Christopher Jay Hunt: graduated UC Berkeley in 1979 and practiced law in the Bay Area for more than 30 years

On April 26, 2012, Christopher Jay Hunt, who lived in Berkeley for 40 years, died peacefully, holding hands with his daughter Cara, at UCSF Medical Center. He was 62 years old.

Chris was born on January 3, 1950 in Highland Park, Michigan to David and Jean Hunt, the first of three children. He attended Detroit Country Day School, supported by his father who worked at a tool and die shop and his mother who worked as a beautician and elementary school secretary. During this time Chris began to develop his passion for music, and also won the Detroit Area spelling bee, which earned him a spot in the national championships in Washington DC.

In 1968 he moved to Cambridge, MA to attend Harvard University. While there, he forged life-long relationships, played in a country rock band called Granfalloon, participated in the student movement, and in his spare time managed to graduate with a degree in English literature.

Following his graduation from Harvard, Chris returned to Michigan and met his first wife, Esta Brand, via a Berkeley-bound posting on a ride-sharing bulletin board at the University of Michigan in Ann Arbor. He started his life in Berkeley as a high school teacher.

Eventually he landed in law school at UC Berkeley from which he graduated in 1979. There he and four close friends formed The Diminished Capacity Review, a band that continued to meet for regular practice sessions and to perform for the rest of his life.

His legal career began with a clerkship with Alfonso Zirpoli, a federal district court judge in San Francisco. Then he worked as a litigation attorney, and partner, at SF law firm Keker & Brockett for a number of years. He subsequently moved to the law firm Bartko-Zankel-Tarrant-Miller, where he flourished for nearly 20 years, specializing in intellectual property, antitrust, and litigation on behalf of victims of Ponzi schemes.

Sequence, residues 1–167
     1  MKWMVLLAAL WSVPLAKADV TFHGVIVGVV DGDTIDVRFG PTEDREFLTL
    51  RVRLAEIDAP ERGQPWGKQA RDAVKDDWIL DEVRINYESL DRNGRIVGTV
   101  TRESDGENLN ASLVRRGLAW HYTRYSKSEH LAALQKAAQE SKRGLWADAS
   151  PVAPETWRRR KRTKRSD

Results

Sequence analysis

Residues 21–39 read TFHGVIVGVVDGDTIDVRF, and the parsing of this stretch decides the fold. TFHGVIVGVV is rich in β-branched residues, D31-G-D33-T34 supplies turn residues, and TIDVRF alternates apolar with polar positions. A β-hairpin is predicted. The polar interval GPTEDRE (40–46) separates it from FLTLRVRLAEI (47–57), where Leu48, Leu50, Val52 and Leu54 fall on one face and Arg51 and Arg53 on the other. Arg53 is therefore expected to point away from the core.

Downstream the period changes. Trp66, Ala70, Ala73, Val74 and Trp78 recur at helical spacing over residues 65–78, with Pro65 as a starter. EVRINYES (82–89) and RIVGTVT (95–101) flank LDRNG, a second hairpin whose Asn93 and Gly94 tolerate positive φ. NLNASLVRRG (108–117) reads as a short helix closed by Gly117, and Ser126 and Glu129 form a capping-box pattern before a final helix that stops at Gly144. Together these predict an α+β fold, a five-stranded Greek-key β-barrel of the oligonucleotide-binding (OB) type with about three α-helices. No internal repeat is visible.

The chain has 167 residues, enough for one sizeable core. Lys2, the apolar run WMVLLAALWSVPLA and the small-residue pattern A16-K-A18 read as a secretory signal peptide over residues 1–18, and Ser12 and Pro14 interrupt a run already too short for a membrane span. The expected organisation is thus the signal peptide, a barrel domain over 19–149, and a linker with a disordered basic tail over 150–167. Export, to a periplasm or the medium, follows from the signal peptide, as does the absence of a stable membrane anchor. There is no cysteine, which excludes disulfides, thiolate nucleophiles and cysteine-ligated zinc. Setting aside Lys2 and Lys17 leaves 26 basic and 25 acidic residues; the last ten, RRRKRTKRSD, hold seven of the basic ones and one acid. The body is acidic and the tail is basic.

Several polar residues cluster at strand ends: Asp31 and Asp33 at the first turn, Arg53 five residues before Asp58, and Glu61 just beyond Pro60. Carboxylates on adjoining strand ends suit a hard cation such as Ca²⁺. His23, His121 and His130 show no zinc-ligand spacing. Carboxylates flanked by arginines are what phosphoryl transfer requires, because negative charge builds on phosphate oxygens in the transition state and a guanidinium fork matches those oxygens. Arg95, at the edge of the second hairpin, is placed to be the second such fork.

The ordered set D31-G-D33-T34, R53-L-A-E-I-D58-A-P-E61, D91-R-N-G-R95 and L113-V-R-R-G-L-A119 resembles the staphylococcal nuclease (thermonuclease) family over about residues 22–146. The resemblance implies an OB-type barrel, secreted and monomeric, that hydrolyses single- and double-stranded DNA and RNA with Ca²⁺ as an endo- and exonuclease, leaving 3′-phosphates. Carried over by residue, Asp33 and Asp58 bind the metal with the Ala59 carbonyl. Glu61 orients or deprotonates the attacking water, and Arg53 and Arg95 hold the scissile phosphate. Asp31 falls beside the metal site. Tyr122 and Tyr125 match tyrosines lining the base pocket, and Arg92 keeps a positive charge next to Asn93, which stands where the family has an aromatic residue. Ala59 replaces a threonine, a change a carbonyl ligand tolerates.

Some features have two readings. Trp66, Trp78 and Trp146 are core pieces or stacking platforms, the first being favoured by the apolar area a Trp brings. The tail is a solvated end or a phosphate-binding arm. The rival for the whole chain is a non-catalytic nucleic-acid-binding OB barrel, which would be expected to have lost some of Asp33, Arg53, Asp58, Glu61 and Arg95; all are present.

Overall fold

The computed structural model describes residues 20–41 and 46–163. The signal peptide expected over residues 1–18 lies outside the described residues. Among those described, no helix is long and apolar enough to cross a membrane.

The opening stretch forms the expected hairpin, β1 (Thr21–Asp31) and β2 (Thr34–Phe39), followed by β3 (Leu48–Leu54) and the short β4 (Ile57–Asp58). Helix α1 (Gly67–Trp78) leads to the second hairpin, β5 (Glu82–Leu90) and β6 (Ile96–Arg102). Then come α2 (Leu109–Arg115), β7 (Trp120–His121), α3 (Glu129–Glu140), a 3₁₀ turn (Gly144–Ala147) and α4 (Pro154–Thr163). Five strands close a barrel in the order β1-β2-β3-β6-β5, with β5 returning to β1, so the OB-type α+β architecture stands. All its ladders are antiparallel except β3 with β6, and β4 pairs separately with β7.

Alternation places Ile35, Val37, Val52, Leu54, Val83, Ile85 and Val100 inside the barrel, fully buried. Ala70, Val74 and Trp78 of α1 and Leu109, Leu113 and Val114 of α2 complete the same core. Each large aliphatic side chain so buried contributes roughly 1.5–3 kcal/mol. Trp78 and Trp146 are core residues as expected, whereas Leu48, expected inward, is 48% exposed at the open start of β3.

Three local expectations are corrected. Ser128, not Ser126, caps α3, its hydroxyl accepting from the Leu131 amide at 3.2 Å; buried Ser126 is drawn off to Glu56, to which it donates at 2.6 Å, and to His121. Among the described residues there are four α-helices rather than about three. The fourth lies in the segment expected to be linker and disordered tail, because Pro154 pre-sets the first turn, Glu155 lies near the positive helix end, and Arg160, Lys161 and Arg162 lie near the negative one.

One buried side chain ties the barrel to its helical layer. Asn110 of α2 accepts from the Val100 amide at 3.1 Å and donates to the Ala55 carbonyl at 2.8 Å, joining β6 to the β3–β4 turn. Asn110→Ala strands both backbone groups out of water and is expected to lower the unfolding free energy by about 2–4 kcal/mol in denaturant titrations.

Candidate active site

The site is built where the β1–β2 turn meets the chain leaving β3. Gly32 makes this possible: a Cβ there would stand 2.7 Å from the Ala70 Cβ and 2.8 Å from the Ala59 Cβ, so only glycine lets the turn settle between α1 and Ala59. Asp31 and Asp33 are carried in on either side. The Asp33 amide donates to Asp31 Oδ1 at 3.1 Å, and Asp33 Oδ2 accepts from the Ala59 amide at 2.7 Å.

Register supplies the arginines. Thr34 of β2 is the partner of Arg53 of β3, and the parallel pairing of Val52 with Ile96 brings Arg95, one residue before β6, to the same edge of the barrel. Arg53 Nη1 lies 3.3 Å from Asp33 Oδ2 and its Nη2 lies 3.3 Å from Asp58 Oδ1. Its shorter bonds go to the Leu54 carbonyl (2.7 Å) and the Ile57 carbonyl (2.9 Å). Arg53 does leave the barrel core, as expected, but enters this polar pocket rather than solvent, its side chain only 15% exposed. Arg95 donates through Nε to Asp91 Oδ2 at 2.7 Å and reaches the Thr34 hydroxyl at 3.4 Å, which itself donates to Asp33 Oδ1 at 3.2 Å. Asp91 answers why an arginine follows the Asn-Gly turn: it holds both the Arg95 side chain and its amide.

While the law was his trade for more than 30 years, it offered only a glimmer of his talents and passions. He was by all accounts an extraordinary writer, with an unmatched ability to conjure words from all corners of the English language in a quest to state every thought as precisely and eloquently as possible. He loved music deeply, from his early days attending Woodstock (as a paid ticket-holder no less) to his involvement in performance. He was often most at-home at his piano bench. He was an avid reader, an NPR enthusiast, and an overall devourer of information.

Christopher is survived by his wife, Louise Palmer, son, Damon, children from previous marriages, Sam, Rebecca and Cara, brother Dennis, sister Vicki, and parents David and Jean.

Christopher was a tremendously compassionate, loving, and caring soul, whose concern for others was a priority above himself, even to his last days. His love for, and pride regarding, his children knew no limit. He frequently cited fatherhood as his greatest passion and nowhere was his selflessness more apparent than with his children.

Christopher’s network of friends and loved ones was vast and he will be dearly missed by every one of them.

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